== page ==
iW: Obviously you can get very close to creating something bombastic.


Gray: It's a chance you have to take. There are times in "Rocco and His Brothers" -- which I love more than anything -- when Visconti does actually go over the top. It is SO much opera that the audience is almost laughing. In a way, it's one of the things that I tried to do -- to distinguish the film from the bumper crop of not only popular culture film but also art cinema. Because there's been a strange sort of ghettoizing of art cinema. And popular cinema has obviously gone so far in the direction of nitwittedness that my ambition with "The Yards" was to make a movie that straddled both. Maybe it straddles neither, but it was nonetheless my intention: to make something operatic in that it was heavily emotional, but not sentimental. In fact, I played Puccini and Mascagni and all these people on the set for the actors as a way to inspire the performances. Whenever there's a scene with no dialogue, which there are several in the movie, you can rest assured that during the day on the set I was playing something from Tosca or Verdi's "Preludio" to "La Traviata." The actors' performances get totally inspired by that and the tone of the movie then gets informed by the music that was played on the set. So I started playing music in rehearsal even for dialogue scenes.









"'Music is the most direct route to the human heart.' It's really true. You can say with music what you could never say verbally to an actor."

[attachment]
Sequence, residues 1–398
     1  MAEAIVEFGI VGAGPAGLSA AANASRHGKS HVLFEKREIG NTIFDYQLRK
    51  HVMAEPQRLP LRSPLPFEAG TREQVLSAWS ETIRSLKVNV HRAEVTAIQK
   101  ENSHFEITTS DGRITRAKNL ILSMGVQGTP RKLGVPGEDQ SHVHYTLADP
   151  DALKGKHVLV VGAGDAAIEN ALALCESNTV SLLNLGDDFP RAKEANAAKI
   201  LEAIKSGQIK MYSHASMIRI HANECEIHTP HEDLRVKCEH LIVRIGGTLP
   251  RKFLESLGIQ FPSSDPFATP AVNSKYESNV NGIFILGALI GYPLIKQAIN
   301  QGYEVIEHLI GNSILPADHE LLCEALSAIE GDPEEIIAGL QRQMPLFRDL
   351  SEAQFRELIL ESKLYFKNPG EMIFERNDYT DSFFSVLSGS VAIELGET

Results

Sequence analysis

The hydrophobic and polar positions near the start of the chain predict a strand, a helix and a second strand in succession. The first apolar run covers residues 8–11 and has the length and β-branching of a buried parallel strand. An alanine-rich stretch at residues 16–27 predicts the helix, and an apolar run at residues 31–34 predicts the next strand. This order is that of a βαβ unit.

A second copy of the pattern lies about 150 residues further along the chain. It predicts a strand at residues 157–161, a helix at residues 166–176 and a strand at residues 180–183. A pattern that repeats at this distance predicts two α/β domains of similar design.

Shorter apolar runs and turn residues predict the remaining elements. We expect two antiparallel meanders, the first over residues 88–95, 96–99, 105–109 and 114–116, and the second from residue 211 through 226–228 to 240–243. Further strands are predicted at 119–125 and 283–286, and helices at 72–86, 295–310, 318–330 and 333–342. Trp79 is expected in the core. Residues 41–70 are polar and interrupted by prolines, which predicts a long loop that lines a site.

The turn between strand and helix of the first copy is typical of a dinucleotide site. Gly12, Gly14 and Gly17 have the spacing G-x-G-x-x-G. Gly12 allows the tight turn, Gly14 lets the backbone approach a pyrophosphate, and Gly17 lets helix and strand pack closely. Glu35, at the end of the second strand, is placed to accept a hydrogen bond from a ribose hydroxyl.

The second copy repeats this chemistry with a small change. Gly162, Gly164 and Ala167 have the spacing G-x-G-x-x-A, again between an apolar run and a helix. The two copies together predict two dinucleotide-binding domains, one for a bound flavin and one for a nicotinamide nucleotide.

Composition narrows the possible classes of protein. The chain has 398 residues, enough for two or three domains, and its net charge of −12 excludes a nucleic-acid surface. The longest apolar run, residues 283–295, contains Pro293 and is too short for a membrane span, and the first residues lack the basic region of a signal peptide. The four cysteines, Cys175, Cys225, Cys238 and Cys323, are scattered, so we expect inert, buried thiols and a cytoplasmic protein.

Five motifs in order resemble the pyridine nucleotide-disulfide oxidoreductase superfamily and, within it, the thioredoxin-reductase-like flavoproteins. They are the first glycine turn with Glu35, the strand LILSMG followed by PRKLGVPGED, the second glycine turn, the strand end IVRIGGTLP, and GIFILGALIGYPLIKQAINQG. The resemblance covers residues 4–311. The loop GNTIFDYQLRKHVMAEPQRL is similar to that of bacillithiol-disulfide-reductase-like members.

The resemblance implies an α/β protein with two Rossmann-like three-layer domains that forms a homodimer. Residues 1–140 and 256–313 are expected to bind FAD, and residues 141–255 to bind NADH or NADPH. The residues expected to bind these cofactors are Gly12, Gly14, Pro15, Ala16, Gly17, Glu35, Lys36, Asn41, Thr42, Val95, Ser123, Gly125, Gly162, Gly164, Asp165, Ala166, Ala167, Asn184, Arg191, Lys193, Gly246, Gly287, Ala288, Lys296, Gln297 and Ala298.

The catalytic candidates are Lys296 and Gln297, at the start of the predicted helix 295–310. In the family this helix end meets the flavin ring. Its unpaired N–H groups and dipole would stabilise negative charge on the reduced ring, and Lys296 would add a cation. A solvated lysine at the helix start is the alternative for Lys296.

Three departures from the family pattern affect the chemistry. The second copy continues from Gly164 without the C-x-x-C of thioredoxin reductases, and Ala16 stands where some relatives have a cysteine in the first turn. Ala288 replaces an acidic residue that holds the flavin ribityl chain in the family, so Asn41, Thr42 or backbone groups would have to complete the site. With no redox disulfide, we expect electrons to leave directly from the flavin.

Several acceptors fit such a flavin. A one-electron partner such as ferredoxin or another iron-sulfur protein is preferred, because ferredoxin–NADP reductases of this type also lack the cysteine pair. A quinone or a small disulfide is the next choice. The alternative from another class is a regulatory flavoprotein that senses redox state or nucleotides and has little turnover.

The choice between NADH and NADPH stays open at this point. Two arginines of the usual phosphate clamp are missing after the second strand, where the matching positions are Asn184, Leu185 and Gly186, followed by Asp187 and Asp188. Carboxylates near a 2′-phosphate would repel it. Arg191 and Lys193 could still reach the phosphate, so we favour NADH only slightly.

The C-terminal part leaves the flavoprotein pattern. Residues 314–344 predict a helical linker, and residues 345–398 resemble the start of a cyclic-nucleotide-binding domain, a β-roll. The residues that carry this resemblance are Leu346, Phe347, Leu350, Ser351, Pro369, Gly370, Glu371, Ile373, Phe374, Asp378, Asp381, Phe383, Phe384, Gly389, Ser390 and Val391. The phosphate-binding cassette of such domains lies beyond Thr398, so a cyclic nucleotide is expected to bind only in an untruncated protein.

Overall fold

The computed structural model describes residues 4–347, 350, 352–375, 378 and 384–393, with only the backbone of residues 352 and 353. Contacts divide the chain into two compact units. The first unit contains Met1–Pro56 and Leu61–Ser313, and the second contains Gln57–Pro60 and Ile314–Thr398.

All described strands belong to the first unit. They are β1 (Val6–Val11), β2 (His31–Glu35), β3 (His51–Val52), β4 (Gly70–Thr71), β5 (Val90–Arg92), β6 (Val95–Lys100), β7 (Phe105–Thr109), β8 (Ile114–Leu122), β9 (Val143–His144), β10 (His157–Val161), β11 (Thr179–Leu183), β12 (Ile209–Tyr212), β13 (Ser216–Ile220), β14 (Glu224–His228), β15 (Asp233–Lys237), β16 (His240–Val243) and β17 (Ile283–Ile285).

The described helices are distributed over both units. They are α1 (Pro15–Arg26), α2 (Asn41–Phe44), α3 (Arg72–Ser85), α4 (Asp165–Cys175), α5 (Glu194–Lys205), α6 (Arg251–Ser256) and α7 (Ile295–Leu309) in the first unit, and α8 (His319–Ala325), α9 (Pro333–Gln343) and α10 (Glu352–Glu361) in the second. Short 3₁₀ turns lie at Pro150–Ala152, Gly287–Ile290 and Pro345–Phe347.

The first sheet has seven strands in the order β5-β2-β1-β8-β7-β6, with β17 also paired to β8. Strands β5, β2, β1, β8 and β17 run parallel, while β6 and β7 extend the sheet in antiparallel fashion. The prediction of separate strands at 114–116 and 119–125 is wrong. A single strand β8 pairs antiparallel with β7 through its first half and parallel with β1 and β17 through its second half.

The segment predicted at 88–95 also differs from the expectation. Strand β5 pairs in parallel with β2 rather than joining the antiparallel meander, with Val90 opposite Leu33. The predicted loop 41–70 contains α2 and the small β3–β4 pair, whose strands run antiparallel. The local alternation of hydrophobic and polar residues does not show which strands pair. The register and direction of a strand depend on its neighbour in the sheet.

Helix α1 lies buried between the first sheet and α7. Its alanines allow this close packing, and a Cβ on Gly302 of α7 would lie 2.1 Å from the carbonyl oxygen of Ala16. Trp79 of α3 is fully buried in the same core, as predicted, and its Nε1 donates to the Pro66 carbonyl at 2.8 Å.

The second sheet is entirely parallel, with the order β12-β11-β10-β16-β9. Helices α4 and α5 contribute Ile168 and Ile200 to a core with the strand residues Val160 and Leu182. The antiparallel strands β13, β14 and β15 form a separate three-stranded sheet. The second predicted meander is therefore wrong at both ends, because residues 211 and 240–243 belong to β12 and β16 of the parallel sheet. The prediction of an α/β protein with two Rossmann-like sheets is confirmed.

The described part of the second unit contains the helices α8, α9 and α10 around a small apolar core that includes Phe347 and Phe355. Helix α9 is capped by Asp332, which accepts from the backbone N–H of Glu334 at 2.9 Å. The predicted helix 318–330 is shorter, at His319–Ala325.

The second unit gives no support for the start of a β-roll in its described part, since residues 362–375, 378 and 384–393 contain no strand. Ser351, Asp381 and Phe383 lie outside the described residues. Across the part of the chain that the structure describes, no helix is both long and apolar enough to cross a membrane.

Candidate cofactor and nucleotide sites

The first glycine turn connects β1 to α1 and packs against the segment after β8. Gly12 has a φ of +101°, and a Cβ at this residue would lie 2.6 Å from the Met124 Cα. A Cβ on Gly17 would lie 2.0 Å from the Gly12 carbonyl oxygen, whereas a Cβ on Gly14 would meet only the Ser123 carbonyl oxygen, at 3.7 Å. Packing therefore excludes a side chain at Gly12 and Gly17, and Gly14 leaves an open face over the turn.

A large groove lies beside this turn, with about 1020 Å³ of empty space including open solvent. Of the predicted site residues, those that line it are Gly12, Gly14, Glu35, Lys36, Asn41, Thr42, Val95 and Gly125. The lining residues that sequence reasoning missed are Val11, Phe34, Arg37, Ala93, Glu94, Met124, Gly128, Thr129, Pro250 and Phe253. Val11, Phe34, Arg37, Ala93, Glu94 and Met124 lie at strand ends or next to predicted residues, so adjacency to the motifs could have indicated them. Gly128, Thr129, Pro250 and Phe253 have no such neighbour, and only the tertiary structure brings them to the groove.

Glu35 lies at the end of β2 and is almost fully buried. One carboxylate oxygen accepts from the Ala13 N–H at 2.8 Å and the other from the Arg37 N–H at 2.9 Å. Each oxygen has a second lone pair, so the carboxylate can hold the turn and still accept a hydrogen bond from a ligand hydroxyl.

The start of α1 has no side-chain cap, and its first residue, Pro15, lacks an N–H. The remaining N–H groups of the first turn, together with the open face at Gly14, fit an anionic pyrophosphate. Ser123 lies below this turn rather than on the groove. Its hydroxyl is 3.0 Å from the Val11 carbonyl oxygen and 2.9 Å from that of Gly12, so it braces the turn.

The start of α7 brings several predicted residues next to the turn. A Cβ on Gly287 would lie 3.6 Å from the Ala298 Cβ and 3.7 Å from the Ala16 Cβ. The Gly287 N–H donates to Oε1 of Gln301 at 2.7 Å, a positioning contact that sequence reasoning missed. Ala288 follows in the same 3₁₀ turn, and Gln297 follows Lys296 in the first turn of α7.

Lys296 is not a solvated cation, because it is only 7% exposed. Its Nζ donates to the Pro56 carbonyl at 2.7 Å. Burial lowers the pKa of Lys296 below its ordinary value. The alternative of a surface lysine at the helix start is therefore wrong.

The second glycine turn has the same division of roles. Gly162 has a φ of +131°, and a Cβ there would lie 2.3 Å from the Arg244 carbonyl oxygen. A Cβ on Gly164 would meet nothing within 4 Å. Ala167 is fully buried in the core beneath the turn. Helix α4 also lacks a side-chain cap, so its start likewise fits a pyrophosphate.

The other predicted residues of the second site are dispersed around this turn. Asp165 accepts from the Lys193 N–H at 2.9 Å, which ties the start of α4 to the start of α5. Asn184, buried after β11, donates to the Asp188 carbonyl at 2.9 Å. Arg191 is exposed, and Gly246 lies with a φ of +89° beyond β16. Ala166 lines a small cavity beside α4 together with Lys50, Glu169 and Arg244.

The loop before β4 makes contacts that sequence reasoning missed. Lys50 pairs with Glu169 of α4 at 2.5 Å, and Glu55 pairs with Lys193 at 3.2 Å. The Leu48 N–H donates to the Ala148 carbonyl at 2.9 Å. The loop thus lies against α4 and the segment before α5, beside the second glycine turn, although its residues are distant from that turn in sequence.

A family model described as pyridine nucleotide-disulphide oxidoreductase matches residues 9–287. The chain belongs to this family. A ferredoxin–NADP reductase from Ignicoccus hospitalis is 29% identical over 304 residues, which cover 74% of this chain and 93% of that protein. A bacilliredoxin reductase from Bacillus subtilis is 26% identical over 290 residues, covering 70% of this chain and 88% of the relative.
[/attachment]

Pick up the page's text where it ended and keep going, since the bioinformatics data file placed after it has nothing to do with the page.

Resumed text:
iW: Was this the first time you'd used music with actors?


Gray: I had done a little bit of that on "Little Odessa." I think I read about von Stroheim doing that, or someone else from the silent era. It became a very time-honoured tradition in silent films for the director to play music on set for the actors and inspire the performances. Then I read that Stanley Kubrick had done it a lot. I thought, "What a great idea." It's a totally pretentious thing to say, but there's a great quote by Stanislavsky about this: "Music is the most direct route to the human heart." It's really true. You can say with music what you could never say verbally to an actor.


iW: I know that I found "The Yards" quite powerful, but it may not be the sort of film that does well during festivals. The emotions here are very outsized and complex in that operatic style. But when critics are seeing so many movies, they get desensitized.


Gray: I think to be a movie critic is troubling from one major respect. If you are forced to watch ten movies a week, it's really only something you can do for a few years. After a while it's a bit too much.


iW: You start to feel like there's a thick leather hide covering your heart.


Gray: I know. "The Yards" played at Cannes in competition and it was the last movie. I resisted that very much, but Gilles Jacob said, "It's literally the most prestigious spot, blah, blah, we love this movie, it's great." And I was like, "You know what, everyone will have seen a zillion movies by then, and this'll be the fifth movie they have to watch that day." I thought that would be death. I don't envy the job of people who have to watch five movies a day -- that's insane. When I was in college and had to watch three movies a day, I wanted to kill myself.


[Jason Anderson is a movie critic at Toronto's eye Weekly and DVD columnist at Shift magazine.]